“Of the four sons mentioned in the Haggadah — the wicked son, the simple son, the wise son and the son who doesn’t know enough to ask — which do you consider yourself to be, and why?”
It’s the question put to various Denverites this past week, for a feature in the IJN’s Passover edition. While there were some intrepid souls who answered, for some reason, many shied away from answering this question. Perhaps they feared coming off as arrogant if they answered ‘wise son’, and who wants to admit to being evil? Yet if we’re honest with ourselves, who hasn’t asked themselves this very question, or wondered it about those around the seder table?
So we open the question up again here — where you can answer in anonymity.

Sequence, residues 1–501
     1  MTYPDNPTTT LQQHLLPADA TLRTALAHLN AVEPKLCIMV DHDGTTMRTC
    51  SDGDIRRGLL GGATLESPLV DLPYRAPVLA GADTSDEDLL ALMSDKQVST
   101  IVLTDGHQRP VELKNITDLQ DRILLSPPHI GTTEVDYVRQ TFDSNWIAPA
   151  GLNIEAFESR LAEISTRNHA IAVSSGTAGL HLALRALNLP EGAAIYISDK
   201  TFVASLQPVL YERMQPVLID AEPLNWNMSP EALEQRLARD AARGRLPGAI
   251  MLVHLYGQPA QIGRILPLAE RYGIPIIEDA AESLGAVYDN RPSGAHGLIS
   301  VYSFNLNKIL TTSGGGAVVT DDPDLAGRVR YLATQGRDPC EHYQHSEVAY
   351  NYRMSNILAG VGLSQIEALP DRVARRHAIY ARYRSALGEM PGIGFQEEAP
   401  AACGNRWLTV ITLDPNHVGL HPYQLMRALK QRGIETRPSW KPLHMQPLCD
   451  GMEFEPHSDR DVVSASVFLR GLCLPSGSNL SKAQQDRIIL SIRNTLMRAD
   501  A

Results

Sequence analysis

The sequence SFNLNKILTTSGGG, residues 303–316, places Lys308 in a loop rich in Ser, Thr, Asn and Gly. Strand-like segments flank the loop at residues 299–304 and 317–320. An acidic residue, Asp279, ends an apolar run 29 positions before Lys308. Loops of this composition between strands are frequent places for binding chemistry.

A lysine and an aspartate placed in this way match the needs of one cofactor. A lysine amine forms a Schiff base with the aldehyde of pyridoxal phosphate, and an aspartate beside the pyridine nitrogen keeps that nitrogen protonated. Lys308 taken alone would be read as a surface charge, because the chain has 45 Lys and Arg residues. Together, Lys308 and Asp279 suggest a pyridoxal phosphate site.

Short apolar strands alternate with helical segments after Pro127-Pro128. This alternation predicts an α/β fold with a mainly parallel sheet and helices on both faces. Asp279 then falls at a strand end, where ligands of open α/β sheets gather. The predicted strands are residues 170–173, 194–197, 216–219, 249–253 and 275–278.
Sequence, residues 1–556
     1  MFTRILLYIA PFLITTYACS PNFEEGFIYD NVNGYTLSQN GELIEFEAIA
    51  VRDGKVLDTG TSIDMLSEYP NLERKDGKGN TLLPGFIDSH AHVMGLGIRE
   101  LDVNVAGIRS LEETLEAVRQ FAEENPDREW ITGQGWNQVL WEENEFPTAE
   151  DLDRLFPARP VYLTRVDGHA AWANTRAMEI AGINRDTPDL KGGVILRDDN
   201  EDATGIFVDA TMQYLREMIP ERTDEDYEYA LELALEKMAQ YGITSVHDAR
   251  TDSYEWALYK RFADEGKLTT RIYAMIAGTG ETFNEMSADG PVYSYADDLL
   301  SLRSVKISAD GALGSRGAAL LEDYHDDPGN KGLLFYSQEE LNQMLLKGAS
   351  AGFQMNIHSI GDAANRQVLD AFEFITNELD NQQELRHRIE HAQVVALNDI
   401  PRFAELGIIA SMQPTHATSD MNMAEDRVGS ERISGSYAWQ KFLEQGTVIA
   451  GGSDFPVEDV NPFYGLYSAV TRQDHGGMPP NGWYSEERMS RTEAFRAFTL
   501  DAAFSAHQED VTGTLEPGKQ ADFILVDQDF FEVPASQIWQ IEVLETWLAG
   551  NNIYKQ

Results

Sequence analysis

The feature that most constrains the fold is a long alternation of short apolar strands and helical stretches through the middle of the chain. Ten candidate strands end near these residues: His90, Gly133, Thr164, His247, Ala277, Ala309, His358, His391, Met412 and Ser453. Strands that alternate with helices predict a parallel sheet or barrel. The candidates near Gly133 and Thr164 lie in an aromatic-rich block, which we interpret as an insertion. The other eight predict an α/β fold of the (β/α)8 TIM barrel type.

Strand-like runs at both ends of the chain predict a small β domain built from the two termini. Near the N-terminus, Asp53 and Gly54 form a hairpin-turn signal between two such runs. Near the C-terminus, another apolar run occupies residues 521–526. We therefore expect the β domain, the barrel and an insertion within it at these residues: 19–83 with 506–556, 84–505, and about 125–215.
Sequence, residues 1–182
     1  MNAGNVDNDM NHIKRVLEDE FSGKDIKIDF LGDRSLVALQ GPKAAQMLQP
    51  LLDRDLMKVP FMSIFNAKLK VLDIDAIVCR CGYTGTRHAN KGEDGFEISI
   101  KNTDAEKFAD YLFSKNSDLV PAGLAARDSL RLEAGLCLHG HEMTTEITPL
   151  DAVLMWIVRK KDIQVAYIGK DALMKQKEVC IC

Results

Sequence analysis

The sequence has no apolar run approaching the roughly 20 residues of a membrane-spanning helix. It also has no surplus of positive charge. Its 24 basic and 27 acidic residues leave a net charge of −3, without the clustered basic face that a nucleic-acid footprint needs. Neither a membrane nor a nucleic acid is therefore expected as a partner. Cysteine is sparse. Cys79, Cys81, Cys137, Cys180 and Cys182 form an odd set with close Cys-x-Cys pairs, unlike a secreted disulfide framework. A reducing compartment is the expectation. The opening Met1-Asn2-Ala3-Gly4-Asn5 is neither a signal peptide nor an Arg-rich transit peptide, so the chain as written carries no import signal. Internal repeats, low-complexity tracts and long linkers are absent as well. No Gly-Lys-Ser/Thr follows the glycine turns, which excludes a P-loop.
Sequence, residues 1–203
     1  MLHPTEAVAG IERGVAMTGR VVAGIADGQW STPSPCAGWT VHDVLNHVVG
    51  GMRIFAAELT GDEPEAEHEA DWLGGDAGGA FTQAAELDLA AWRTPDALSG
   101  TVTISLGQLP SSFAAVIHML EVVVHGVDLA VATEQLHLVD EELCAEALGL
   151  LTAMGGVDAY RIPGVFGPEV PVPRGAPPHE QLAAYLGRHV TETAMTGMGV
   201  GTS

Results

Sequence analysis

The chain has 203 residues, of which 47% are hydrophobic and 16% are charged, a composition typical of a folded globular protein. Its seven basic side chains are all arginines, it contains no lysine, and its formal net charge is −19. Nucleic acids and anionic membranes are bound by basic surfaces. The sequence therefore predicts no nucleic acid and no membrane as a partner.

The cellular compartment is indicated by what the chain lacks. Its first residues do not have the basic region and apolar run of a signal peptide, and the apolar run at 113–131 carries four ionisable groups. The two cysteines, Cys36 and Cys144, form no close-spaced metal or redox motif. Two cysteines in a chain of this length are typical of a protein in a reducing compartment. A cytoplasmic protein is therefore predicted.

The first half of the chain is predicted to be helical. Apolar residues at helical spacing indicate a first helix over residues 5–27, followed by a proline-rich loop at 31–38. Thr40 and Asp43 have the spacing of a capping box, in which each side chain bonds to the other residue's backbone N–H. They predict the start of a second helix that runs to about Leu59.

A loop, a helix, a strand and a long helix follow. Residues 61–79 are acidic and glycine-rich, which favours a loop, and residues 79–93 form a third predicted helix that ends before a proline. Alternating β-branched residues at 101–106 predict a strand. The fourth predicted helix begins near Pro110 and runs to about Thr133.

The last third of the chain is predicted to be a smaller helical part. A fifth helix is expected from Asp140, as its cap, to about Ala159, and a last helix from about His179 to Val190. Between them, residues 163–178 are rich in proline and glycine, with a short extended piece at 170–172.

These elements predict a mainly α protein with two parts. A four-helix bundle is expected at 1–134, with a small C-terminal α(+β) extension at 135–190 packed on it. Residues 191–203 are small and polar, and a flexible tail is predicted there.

To jog your brain as you contemplate this trying question, below is the translated text from the Haggadah describing the Four Sons:
The Torah refers to four sons: One wise, one wicked, one simple and one who does not know how to ask a question. What does the wise son say? “What are the testimonials, statutes and laws Hashem our G-d commanded you.” You should tell him about the laws of Pesach, that one may eat no dessert after eating the Pesach offering.
What does the wicked son say? “What does this drudgery mean to you?” To you and not to him. Since he excludes himself from the community, he has denied a basic principle of Judaism. You should blunt his teeth by saying to him: “It is for the sake of this that Hashem did for me when I left Egypt. For me and not for him. If he was there he would not have been redeemed.”
What does the simple son say? “What’s this?” You should say to him “With a strong hand Hashem took me out of Egypt, from the house of servitude.”
And the one who does not know how to ask, you start for him, as the Torah says: “And you should tell your son on that day, saying ‘It is for the sake of this that Hashem did for me when I left Egypt.’”